What is Technical Analysis?
What is Technical Analysis?
Technical analysis (TA) is the study of market action, primarily through the use of charts, analysing market demand and supply, for the purpose of forecasting future price trends and managing risk.
In this infographic, we will take you through the fundamentals of TA and steps you can undertake to formulate a trading plan!
3 Underlying Assumptions of TA
Firstly, TA is based on three assumptions, technical analyst believe that:
The Market Discounts Everything
Fundamental information to broad market factors have already been priced into the stock, and hence the analysis of price movements are largely driven by supply and demand.
Price Moves in Trends
Prices move in short, medium, and long-term trend. In other words, a stock price is more likely to continue a past trend than moving erratically.
History Tends to Repeat Itself
History tends to repeat itself, and in a cyclical manner. The repetitive nature of price movements is often attributed to market psychology, which tends to be predictable based on emotions like fear or greed.
The Big Picture – 3 Trends of Technical Analysis
As mentioned in the previous section, technical analyst believe in trend analysis, and that prices move in short, medium, and long-term trend:
0 – 6 weeks
Price movements are explained by high-technical condition and low fundamental condition.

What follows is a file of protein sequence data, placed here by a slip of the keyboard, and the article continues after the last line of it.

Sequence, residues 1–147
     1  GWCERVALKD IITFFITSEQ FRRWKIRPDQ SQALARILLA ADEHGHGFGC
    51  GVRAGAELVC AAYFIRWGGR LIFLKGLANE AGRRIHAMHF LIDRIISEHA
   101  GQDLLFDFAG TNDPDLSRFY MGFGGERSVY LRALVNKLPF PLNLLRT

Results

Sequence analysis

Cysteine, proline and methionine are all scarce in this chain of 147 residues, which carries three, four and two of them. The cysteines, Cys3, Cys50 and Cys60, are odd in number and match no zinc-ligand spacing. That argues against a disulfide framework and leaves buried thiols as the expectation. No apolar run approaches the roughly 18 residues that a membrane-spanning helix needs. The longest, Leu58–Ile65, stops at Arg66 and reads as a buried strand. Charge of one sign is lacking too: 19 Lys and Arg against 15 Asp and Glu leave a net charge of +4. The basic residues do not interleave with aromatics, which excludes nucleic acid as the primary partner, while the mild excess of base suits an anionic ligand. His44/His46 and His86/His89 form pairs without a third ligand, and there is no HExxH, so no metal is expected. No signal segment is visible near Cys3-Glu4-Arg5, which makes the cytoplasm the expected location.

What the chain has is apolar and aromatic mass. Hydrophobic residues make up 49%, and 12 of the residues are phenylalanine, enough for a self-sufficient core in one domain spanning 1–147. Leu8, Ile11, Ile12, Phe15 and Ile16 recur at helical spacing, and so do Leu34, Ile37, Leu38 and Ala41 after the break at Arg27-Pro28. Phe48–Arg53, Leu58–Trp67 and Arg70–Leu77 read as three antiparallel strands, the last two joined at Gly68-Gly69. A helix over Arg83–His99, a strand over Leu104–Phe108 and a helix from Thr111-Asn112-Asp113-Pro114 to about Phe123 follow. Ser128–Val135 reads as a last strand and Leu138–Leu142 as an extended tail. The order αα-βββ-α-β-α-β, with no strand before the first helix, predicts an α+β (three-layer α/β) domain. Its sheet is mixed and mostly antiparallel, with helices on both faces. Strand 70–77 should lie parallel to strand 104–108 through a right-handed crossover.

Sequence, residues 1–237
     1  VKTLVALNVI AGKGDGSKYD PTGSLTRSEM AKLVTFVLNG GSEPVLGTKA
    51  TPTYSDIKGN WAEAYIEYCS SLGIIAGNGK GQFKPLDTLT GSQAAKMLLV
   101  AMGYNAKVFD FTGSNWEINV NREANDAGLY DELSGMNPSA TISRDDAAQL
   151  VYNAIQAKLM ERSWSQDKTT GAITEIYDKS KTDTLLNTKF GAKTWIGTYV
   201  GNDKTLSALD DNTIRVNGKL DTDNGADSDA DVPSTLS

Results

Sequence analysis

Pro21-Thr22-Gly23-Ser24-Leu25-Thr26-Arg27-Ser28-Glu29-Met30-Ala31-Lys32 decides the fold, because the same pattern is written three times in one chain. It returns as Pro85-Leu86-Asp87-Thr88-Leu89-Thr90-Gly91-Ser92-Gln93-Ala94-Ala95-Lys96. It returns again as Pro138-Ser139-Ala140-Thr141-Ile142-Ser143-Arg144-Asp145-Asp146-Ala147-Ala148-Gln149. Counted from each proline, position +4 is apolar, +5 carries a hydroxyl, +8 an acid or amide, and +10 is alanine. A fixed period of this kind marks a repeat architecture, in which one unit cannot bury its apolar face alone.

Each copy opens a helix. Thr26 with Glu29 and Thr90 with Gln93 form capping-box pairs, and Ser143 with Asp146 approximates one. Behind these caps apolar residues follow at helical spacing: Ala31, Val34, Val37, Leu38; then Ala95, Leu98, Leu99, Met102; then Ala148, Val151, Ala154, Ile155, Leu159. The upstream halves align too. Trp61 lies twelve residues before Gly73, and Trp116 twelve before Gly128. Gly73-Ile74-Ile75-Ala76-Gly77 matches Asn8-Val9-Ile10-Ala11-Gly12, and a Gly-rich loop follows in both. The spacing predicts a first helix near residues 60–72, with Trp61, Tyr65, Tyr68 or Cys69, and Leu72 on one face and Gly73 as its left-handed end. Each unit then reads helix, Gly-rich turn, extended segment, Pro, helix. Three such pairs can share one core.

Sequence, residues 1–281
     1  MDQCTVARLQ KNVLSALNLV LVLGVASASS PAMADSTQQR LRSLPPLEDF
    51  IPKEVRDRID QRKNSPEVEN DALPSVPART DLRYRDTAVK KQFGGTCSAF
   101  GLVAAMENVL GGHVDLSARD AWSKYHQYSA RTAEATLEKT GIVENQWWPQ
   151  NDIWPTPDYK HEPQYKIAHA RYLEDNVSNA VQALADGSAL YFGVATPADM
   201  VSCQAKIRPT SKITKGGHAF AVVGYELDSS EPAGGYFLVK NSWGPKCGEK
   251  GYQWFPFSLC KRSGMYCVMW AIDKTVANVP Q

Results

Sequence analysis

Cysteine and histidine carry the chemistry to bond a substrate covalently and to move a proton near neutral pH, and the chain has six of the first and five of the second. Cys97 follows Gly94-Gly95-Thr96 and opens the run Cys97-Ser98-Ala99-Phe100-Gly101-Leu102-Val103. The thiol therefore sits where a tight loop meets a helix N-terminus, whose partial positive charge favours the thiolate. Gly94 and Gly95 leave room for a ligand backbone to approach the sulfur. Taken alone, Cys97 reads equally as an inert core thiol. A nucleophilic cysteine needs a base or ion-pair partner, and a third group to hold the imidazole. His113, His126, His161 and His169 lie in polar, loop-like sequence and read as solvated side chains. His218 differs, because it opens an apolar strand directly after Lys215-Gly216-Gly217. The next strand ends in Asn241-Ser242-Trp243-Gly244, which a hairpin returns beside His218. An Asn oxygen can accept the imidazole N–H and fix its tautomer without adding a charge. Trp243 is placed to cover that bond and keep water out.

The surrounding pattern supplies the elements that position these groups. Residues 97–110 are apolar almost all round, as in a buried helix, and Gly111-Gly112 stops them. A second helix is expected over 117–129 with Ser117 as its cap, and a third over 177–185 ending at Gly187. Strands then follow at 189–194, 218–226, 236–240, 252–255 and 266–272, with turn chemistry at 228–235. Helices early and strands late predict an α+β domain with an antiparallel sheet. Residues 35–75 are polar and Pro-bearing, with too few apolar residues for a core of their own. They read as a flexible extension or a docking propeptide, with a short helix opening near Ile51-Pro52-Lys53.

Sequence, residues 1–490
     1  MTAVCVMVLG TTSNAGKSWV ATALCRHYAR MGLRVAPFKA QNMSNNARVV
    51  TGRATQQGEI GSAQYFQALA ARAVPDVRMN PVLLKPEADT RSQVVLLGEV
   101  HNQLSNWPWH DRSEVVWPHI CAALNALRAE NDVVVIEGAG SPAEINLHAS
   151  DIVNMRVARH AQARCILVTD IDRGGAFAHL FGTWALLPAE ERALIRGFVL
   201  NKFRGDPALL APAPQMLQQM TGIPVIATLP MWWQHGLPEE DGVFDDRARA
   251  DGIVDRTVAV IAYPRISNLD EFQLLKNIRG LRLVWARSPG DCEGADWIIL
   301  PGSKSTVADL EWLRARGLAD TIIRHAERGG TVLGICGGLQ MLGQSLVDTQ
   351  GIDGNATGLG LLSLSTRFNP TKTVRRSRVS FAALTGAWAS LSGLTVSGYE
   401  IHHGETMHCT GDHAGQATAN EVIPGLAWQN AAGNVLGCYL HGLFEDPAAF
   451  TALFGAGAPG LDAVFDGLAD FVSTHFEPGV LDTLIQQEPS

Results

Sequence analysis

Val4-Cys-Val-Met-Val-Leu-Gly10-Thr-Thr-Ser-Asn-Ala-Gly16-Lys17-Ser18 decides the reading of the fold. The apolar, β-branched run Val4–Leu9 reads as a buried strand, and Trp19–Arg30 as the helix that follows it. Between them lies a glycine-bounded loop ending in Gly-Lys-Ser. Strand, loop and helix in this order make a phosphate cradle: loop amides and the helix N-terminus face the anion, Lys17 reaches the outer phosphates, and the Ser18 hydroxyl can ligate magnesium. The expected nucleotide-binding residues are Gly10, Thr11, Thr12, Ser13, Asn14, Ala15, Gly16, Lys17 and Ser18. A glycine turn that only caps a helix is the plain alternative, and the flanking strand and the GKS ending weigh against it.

6 weeks – 9 months
Price movements are explained by balanced technical and fundamental condition.
9 months- 2 years
Generally, in line with economic cycle and price movements are explained by high fundamental
condition and low technical condition.
Formulate a Trading Plan with Technical Analysis
Step 1: Select a Swing Trading Strategy
‘Swing trading’ is a common term associated with TA, and it generally refers to ‘short-term view’ in technical trading. Swing strategies generally trades alongside the current trend or direction where traders aim to sell at highs (to maximise returns) and buy at significant lows (to minimise risk).
Step 2: Manage Your Risk
After identifying the trade strategy, the next step is to manage risk for the trades. Exiting a trade upon breaking the stop lost price will help traders minimise their risk per trade and avoid risk of depleting a large portion of their capital.
Step 3: Keep a Trade Journal
Traders typically keep a record of their trades to help them check and monitor the progress of their trades.
They will then refine their decision-making process and identify areas to improve or maintain.
The following is an example of entries recorded in a typical trading journal.
Trade Journal Entry Example
|Trade Set-Up:||Long, Reversal Swing Trade|
|Remarks||Market Depth showed huge selling
queue at S$1.14, thus exited at S$.1.13
Last but not least. It is important to remember that there is no single superior trading technique or tool. Each trader sees the market differently and may employ a trading style or technique that resonates with his or her beliefs and knowledge about the market!
Interested to find out more?
Attend an upcoming workshop to learn more about Technical Analysis
Content contributed by: Brandon Leu, SGX Academy Trainer
Mr Brandon Leu’s portfolio of clients includes corporate, trusts and high net-worth individuals. Brandon joined the banking and finance industry in 2005 and he has been with UOB Kay Hian since 2013. Brandon conducts regular trading and technical analysis seminars at SGX, UOB Kay Hian, Bloomberg and other public institutions such as SMU and NUSS in Singapore.